24 February 2015
24 February 2015
Ferry operator, Ballerina, has introduced a new, electrically propelled passenger ferry built in composite material, that runs smoothly, comfortably and with essentially none of the noise that accompanies combustion-engined vessels.
DIAB explains that silent, clean and cost-effective operations are now key priorities for the marine transportation industry. Driven by ever tighter environmental regulations, the civil marine industry aims to reduce both emissions and noise nuisance while increasing efficiency. One interesting area is electric propulsion and many designers are integrating new concepts in ship architecture with cutting-edge battery technologies.
Ballerina, based in Stockholm, Sweden, recently introduced its first battery-powered boat featuring a high-tech marine battery system from Saft. The boat, titled M/S Sjövägen, carries foot passengers and cyclists between 10 stops on a 50-minute route of the waterways of Stockholm. It operates throughout the year, completing eight round trips per day. The batteries are fully charged during the ferry’s overnight stay in the harbour with two partial charging sessions during the course of the day.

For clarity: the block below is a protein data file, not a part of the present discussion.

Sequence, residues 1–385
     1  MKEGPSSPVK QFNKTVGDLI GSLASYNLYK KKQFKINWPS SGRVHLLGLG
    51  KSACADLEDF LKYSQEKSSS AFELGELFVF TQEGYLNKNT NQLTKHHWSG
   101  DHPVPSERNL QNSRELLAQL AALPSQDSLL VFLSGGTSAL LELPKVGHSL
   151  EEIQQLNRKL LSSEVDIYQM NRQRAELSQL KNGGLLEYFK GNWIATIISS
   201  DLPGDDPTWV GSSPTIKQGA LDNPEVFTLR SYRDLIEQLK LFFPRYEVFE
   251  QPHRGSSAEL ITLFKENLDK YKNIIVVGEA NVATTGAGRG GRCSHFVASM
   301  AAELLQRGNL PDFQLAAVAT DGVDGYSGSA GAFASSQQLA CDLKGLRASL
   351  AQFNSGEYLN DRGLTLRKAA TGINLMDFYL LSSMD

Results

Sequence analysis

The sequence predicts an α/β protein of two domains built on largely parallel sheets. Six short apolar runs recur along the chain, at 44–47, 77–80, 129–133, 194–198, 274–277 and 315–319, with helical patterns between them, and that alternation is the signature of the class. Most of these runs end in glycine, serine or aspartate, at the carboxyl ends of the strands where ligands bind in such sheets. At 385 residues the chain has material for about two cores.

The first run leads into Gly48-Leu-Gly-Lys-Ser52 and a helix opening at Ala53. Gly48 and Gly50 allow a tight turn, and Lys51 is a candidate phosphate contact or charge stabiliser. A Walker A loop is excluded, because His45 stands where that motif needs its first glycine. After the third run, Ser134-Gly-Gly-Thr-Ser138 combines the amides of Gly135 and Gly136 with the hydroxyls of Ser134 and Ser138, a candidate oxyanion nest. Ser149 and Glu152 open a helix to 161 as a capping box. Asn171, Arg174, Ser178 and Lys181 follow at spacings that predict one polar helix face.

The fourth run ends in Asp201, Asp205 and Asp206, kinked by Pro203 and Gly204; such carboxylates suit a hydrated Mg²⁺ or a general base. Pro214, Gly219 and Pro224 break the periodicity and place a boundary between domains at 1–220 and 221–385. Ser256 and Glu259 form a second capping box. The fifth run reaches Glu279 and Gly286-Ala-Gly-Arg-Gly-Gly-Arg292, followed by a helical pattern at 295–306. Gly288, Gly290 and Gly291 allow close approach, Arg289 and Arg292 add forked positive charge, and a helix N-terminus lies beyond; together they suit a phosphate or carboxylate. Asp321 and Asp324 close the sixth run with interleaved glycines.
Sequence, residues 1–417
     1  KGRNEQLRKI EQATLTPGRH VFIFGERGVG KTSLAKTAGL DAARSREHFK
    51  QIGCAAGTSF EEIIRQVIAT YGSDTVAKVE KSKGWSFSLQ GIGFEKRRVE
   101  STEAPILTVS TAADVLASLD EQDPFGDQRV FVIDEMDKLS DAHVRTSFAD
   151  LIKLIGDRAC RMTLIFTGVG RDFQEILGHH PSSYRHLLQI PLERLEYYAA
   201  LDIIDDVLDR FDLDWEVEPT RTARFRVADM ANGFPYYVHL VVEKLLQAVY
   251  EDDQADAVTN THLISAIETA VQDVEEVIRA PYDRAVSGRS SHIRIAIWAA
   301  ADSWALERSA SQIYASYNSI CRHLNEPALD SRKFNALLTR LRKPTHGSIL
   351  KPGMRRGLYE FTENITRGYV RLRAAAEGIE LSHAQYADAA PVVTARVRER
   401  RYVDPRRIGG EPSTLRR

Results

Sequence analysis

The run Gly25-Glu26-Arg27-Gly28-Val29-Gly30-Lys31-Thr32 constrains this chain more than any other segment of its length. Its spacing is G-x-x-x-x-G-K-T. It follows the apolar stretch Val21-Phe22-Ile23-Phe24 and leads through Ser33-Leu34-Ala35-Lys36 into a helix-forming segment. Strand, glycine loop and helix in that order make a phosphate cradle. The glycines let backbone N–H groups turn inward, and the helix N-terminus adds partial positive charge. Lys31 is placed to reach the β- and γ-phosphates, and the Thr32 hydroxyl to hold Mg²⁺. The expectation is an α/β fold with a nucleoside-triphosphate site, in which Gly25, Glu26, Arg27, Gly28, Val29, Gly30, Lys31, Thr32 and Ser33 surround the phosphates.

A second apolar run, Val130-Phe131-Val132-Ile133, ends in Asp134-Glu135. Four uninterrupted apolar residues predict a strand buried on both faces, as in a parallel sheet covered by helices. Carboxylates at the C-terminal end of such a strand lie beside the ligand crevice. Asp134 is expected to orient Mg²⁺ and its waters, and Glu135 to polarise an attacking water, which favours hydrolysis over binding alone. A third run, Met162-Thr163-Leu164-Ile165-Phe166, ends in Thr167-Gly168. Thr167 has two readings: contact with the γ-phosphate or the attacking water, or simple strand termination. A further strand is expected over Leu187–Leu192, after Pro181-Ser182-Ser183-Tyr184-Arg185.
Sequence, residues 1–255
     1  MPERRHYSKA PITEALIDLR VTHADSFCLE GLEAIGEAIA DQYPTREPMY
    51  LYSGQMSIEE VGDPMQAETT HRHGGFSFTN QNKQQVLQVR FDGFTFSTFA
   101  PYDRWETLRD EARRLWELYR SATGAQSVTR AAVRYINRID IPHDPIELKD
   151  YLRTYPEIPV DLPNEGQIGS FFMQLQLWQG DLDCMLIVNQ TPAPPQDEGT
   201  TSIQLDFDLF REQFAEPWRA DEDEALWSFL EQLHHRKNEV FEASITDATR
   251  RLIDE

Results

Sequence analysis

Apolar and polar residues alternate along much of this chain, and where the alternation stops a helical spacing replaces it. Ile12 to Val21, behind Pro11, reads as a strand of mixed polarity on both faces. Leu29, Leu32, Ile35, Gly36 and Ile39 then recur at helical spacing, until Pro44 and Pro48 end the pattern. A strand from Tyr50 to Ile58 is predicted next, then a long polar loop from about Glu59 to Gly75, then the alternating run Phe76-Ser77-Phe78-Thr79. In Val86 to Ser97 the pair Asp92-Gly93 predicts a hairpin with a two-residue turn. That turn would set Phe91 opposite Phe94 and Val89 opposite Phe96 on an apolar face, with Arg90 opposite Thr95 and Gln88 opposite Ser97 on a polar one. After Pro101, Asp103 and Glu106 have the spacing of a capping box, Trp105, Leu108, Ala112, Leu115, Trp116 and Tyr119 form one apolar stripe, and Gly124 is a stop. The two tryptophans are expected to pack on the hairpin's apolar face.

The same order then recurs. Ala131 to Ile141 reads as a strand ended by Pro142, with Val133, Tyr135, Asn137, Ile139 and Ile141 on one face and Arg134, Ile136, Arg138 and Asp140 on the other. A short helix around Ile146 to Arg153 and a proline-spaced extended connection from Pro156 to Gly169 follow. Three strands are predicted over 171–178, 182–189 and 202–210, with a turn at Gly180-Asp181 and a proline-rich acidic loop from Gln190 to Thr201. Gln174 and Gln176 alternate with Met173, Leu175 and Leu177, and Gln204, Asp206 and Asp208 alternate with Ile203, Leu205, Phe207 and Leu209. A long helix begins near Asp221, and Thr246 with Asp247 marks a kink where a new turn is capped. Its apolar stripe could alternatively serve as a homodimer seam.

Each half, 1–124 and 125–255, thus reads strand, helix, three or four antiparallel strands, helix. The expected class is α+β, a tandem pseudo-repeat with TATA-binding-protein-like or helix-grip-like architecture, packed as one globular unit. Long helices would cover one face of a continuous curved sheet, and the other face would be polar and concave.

This vessel was developed, designed and produced by Faaborg Vaerft together with Principia North A/S and Wilhelmsen Technical Solution and built in DIAB’s Divinycell H. “We use sandwich composite mainly for the hull, topsides and wheelhouse”, says Jan Ulrich Mortensen, Managing Director at Faaborg Vaerft. It is a great solution due to its strength, noise reduction and isolation properties. M/S Sjövägen is ice-reinforced, equipped with double propeller system, 2 x 160 kW electrical engines for propulsion, 500 kWh battery bank, electrohydraulic steering system, electrical bow thruster and communication and navigation equipment. It is designed for two-men operation and carries up to 150 people, 15 bikes, six wheelchairs and eight strollers.
University of Southern Queensland (USQ)’s composites research and development was on display when the Centre for Future Materials (CFM) held its inaugural Open Day.
A team of engineers at the University of Delaware (UD) is developing next-generation smart textiles by creating flexible carbon nanotube composite coatings on a wide range of fibres, including cotton, nylon and wool.
Haydale has supplied graphene enhanced prepreg for Juno, a 3 m wide composite-skinned unmanned aerial vehicle (UAV), which was revealed during Futures Day at the 2018 Farnborough Air Show.